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2 Posts authored by: Tobe Baeyens

Share how you approach course design. How do you organize content so it’s efficient for both instructors and students? What tips and/or tools can you share?

Assignments are the fundamental building blocks in a Canvas course. They are the milestones that students can achieve.

Assignments can be big

Assignments that are placed at the end of a module, can be used to check if the student has achieved the intended learning outcomes.

Assignments can be small

Every time you ask your students to do something, you are giving them an assignment.

  • You can ask your student to read a few lines of text, and to underline some keywords.
  • You can ask your students to come up with an idea for a project.
  • You can ask your students to take a picture of their work.
  • You can ask your students to work on some exercises in a document.
  • You can ask your students to summarise what they saw in a video.

A course could in theory only contain assignments. The course would be like an online exercise workbook. An assignment could, in that case, contain one or more exercises that the students have to complete.

 

Explain how you structure course flow. How do you keep content and learning experiences “tidy”? Does it make a difference for learners? If so, how?

It's important to clearly present the content in every assignment, and to organise the different assignments in your modules, your assignment groups, your gradebook, etc.

Present the content in your assignments

An assignment should have:

  • A title: The title should be short and concise. Add an abbreviation if the assignment is part of a module (f.e. LO1)
  • Settings: Submission date, grade, submission type, etc.
  • A short description: The description should explain what the assignment is about.
  • A list with steps the student has to undertake: This could be as simple as: 1. Download a document. 2. Answer the questions in the document. 3. Submit the document.
  • Links to additional information: Frequently asked questions, agreements the student must comply with, etc.
  • A rubric: To communicate the intended learning outcomes.

 

Organise the assignment in modules

Add your assignments to modules to provide context. Adding other resources to your modules, helps your students with finding all the necessary information in one place. (more information about this is in my other blog post: Providing structure with modules.)

An alternative to adding activities (worked examples, video's,...) to modules, is to add the links to activities to the assignments description. This can be useful when you are working with a lot of smaller assignments. An extra advantage is that you can digitally handout these assignments to individual students with the 'assign to' function in Canvas. Adding all the information that students need, to the assignment itself, makes it much easier to do this, and to differentiate.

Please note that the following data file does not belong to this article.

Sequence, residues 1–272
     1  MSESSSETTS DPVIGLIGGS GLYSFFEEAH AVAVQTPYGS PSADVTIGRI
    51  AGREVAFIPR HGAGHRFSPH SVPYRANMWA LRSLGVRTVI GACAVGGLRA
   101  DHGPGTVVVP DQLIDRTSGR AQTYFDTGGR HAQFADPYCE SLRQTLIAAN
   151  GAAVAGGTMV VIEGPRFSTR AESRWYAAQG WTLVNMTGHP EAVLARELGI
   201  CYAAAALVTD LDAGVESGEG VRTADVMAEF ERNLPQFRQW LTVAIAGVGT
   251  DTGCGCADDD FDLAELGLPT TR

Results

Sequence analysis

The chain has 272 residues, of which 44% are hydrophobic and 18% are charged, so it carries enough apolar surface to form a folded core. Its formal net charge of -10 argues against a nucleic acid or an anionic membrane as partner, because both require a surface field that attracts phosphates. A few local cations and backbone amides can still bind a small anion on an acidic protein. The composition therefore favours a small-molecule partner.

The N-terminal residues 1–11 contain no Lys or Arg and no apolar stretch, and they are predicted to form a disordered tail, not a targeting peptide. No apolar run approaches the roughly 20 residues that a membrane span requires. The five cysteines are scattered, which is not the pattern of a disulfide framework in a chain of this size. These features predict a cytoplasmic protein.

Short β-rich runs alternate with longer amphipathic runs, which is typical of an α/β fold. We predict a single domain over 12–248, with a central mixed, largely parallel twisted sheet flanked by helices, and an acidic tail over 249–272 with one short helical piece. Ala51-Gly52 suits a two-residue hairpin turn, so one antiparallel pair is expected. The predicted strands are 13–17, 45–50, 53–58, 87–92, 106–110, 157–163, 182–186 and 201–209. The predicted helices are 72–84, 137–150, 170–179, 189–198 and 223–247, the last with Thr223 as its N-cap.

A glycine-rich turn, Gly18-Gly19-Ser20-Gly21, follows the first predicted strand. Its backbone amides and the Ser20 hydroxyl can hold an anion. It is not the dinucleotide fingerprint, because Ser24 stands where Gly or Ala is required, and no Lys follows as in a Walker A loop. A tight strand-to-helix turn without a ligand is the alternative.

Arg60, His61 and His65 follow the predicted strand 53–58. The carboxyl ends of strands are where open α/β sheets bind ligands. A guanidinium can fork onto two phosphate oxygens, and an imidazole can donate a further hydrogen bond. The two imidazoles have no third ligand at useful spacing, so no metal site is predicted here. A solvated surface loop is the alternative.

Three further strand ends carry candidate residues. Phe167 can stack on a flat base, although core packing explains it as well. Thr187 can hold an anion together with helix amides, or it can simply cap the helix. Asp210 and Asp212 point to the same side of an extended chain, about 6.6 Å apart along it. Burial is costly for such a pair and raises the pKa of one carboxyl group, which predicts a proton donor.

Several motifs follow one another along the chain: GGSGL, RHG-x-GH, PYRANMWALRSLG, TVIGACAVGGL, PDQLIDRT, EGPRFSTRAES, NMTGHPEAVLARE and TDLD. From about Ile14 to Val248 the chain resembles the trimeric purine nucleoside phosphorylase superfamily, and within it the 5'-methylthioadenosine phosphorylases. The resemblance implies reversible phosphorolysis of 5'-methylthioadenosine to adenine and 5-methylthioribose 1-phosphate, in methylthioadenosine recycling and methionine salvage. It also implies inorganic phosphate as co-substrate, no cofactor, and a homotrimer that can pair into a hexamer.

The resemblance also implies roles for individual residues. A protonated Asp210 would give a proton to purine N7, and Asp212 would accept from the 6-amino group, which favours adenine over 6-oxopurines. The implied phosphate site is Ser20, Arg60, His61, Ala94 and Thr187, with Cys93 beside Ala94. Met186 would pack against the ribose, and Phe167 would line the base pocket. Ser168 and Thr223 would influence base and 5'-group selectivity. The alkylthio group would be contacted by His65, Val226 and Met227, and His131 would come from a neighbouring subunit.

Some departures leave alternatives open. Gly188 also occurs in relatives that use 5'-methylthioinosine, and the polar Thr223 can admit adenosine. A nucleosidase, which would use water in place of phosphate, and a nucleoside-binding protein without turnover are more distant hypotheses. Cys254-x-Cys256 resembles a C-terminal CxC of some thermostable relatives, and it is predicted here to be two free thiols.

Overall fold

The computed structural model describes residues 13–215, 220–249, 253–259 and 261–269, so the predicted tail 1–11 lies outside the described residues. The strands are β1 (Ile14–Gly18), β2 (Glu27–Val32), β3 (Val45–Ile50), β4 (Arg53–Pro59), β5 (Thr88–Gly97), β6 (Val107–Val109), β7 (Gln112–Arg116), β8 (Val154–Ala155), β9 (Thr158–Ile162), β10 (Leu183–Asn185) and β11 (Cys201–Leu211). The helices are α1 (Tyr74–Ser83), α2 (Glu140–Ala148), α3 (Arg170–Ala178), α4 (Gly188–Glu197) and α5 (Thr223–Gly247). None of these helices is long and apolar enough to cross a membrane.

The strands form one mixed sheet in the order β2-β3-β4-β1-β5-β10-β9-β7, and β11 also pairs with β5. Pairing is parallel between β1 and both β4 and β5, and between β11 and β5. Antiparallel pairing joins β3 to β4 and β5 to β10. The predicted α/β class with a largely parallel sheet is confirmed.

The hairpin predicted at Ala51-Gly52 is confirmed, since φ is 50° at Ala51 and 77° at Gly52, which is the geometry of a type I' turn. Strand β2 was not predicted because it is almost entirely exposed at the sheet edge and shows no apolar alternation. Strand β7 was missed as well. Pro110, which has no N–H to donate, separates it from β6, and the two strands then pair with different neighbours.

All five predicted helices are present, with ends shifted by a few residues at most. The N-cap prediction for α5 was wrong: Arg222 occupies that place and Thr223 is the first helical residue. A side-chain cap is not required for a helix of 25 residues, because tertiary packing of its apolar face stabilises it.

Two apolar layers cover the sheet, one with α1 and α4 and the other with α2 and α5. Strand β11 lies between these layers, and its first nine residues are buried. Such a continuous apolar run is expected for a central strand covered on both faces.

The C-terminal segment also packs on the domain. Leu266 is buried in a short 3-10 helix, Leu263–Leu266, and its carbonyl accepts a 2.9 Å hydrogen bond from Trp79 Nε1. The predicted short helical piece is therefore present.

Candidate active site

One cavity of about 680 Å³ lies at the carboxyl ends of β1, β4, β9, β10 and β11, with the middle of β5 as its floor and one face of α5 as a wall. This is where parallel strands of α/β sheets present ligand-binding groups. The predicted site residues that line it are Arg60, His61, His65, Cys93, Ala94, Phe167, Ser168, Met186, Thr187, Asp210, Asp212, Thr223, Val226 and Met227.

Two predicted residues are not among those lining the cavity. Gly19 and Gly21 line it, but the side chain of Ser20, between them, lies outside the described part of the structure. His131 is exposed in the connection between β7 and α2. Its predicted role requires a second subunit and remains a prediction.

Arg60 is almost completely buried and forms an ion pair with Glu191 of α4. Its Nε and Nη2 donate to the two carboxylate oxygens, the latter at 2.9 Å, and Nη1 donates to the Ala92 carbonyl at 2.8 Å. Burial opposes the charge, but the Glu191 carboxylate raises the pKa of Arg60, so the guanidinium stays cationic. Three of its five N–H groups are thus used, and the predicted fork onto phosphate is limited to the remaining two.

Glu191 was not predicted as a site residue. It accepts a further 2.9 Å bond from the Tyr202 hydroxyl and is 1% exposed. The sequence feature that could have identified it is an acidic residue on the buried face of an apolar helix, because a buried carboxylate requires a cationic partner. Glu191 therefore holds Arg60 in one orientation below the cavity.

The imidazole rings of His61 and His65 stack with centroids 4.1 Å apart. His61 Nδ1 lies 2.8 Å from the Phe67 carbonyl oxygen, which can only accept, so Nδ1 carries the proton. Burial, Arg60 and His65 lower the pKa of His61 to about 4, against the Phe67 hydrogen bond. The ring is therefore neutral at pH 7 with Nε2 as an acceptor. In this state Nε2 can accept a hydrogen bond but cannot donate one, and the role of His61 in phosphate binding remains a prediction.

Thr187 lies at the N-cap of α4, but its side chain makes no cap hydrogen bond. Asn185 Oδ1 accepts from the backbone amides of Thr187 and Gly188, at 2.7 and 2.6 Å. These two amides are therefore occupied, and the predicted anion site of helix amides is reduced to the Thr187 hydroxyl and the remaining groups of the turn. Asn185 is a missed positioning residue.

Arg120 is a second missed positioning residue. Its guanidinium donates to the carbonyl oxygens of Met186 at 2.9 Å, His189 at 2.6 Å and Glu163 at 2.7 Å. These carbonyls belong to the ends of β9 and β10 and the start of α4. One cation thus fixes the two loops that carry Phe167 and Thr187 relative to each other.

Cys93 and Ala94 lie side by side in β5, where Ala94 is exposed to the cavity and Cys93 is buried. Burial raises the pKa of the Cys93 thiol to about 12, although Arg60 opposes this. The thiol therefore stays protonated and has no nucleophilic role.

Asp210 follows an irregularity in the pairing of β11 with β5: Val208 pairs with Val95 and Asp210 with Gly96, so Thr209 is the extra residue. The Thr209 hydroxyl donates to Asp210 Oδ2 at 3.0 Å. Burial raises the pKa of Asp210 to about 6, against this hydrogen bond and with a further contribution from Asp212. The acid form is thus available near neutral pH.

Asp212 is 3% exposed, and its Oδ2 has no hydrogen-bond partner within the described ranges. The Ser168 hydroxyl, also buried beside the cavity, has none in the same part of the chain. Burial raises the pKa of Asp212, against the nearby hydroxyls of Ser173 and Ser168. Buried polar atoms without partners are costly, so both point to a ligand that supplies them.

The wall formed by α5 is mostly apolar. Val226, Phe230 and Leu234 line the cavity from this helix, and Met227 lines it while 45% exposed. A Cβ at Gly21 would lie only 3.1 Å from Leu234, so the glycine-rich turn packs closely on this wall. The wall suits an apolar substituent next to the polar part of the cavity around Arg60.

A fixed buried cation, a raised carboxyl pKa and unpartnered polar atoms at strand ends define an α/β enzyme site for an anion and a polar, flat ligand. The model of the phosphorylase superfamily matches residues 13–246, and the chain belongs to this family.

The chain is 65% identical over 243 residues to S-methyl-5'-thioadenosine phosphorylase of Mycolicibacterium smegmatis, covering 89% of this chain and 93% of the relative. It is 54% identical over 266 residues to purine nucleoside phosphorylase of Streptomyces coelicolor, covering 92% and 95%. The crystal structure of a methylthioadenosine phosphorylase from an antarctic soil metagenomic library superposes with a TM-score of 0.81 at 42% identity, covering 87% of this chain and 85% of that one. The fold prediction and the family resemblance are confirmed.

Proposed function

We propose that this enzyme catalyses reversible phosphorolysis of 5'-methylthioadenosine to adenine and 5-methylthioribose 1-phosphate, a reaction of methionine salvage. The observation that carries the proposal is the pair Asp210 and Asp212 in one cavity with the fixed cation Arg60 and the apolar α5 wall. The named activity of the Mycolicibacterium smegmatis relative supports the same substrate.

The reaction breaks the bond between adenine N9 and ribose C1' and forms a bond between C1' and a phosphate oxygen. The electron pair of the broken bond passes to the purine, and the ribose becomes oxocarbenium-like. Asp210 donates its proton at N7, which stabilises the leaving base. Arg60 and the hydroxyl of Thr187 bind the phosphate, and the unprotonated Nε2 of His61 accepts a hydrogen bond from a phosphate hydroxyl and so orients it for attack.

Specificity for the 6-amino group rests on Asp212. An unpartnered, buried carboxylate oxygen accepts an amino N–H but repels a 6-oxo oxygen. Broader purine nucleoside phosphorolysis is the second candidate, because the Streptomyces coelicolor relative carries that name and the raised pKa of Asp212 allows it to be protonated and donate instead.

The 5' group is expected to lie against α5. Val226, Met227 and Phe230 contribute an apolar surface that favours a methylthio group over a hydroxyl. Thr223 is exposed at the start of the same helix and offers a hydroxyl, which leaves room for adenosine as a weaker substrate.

Gradebook 2.0 has some great functions to filter assignments by modules, sections and students. It can become a dashboard that shows you which assignments are assigned to which students, and where you have to give feedback.

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Share how you approach course design. How do you organize content so it’s efficient for both instructors and students? What tips and/or tools can you share?

Designing an effective course in Canvas isn't easy. There are many choices that can be made. After two years of working with teachers and support staff in our institution, I finally came up with a template that's good for most teachers.

  1. Turn modules into your home page.
  2. Hide everything in navigation except Home, Announcements, Grades and People.
  3. Add the last announcement to the top of the home page.
  4. Add an 'introductory module' with course information.

introduction module

The introductory module looks like a numbered list. This makes it easy to communicate to students where they can find the necessary information. Another advantage is that the numbered items appear at the top when you navigate to pages.

 

Add requirements (view the item, or mark the item as read) to every page of the ''introductory module''.

 

Explain how you structure course flow. How do you keep content and learning experiences “tidy”? Does it make a difference for learners? If so, how?

Add a module underneath the ''introductory module'' for every every lesson you teach. 

module

  1. Give these modules a name and a three letter abbreviation (f.e. LO1). Use this abbreviation for every item in the module. This makes it easy to find out to which lesson a quiz, assignment or page belongs to.
  2. Start with an introductory page. This page can contain learning outcomes, a short introduction, a video,...
  3. Add a page with learning activities. Add files to this page (slides, articles,...) and explain why students need them.
  4. Add interactive elements to your module (quizzes, discussions,...)
  5. End your module with an assignment so you can check if the learning outcomes are achieved. (more information about this is in my other blog post: Assignments as fundamental building blocks.)

 

Add requirements if necessary: f.e. view the page, submit the assignment, etc.

By adding requirements you tell your people what you expect. You can make content available after they completed some requirements, but this is often not necessary. Just adding the requirements, makes sure your students know what to do, and it becomes very easy for you as a teacher to track students progress.

 

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